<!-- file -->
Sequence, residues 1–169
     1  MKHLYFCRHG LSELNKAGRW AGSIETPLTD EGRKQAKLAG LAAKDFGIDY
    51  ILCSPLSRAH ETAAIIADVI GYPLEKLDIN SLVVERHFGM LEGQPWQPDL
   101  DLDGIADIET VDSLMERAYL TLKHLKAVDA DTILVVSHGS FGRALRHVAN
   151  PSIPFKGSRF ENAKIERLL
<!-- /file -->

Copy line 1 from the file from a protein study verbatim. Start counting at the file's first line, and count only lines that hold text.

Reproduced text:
Sequence, residues 1–169